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WLAN Analyzer and Decoder - CommView for WiFi

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Introduction
About CommView for WiFi
What's New
Using the Program
Driver Installation
Overview
Main Menu
Nodes
AP and Station Details Window
Channels
Latest IP Connections
Packets
Logging
Viewing Logs
Rules
Advanced Rules
Alarms
WEP/WPA Keys
Reconstructing TCP Sessions
Reconstructing UDP Streams
Searching Packets
Statistics and Reports
Using Aliases
Packet Generator
Visual Packet Builder
NIC Vendor Identifier
Scheduler
Node Reassociation
Using Remote Agent for WiFi
Using RPCAP
Using Aruba Remote Capture
Port Reference
Setting Options
Frequently Asked Questions
VoIP Analysis
Introduction
Working with VoIP Analyzer
SIP and H.323 Sessions
RTP Streams
Registrations, Endpoints, and Errors
Call Logging and Reports
Call Playback
Viewing VoIP Logs
Working with Lists in VoIP Analyzer
NVF Files
Advanced Topics
Monitoring 802.11n and 802.11ac Networks
Understanding CRC and ICV Errors
Understanding WPA Decryption
Understanding Signal Strength
Capturing A-MPDU and A-MSDU Packets
Using CommView for WiFi in a Virtual Machine
Multi-Channel Capturing
Spectrum Analysis
Capturing High Volume Traffic
Running CommView for WiFi in Invisible Mode
Command Line Parameters
Exchanging Data with Your Application
Custom Decoding
CommView Log Files Format
Information
How to Purchase CommView for WiFi

Capturing A-MPDU and A-MSDU Packets

The 802.11n and 802.11ac standards allow sending multiple frames per single access to the medium by combining the frames together into one larger frame. There are two forms of frame aggregation: Aggregated Mac Protocol Data Unit (A-MPDU) and Aggregated Mac Service Data Unit (A-MSDU). CommView for WiFi can capture both types of aggregated packets, as explained below.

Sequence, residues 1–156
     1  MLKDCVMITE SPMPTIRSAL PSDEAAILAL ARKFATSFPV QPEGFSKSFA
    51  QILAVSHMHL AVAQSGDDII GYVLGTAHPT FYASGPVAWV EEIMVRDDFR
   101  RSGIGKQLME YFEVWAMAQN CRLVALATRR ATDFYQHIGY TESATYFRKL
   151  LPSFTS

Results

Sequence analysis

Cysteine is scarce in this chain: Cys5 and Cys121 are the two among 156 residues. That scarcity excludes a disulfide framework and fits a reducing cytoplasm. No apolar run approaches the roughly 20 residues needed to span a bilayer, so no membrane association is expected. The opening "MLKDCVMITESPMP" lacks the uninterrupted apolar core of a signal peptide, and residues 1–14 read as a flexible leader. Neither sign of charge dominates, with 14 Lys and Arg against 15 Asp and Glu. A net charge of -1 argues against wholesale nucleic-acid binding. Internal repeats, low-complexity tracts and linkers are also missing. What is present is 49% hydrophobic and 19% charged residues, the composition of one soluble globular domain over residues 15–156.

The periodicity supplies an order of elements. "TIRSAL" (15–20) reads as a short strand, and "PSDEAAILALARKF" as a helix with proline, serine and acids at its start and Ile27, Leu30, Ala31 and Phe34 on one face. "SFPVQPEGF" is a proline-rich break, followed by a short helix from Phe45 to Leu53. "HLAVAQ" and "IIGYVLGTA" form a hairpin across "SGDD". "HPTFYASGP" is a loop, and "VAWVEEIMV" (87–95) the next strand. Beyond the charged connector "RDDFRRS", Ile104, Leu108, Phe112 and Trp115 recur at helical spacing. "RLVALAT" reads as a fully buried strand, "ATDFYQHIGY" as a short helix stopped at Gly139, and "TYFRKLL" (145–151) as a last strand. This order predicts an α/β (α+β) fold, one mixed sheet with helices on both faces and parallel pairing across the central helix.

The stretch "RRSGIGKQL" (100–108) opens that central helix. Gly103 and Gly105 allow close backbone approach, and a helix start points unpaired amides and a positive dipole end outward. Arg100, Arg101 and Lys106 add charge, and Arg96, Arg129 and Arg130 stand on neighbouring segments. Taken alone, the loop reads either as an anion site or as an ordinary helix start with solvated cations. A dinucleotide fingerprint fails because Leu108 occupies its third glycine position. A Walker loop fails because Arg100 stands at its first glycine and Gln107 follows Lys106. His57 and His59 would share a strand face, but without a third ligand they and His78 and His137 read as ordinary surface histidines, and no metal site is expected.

Received A-MPDU frames are split into individual packets at the hardware level. A-MPDUs can be up to 64 Kbytes in size. When an A-MPDU is captured, it is passed to the application level as a number of disaggregated packets that look like any other packets. These packets are not marked by CommView for WiFi in any special manner. Support for A-MPDUs is mandatory in the 802.11n and 802.11ac standards. A-MPDU is widely used in 802.11n and 802.11ac devices. A-MPDUs can be captured by any 802.11n or 802.11ac adapter that is supported by CommView for WiFi.

Received A-MSDU frames are split into individual packets at the software level. A-MSDUs can be up to 7,935 bytes in size. When an A-MSDU is captured, it is passed to the application level as a single, aggregated packet—i.e., in the form in which it was originally received. If the aggregated packet is not damaged and if it can be decrypted (if decryption is necessary), CommView for WiFi will disaggregate the A-MSDU and will display the individual packets on the packet list. Such packets will be marked as "Subframe #... of A-MSDU #..." in the "More details" column. Additionally, the subframes will be followed by the original aggregated A-MSDU, which will be marked as "A-MSDU #...." If the aggregated packet is damaged or encrypted, only the original A-MSDU will be displayed. Support for A-MSDUs is optional in the 802.11n standard. A-MSDUs are rarely used in 802.11n devices. A-MSDUs can be captured by the following adapters that are supported by CommView for WiFi:

· Any recommended 802.11n PC Card, ExpressCard, PCI, or PCIe adapters based on Atheros chipsets and 802.11n USB adapters based on Ralink chipsets. A-MSDUs of up to 3,839 bytes are supported.
· Any recommended 802.11n USB adapters based on Atheros chipsets and CACE Technologies AirPcap adapters. A-MSDUs of up to 7,935 bytes are supported.
· Any recommended 802.11ac USB adapters based on Realtek chipsets. A-MSDUs of up to 7,935 bytes are supported.

Note that large frames, such as A-MSDUs, are frequently damaged, especially when being sent at high data rates.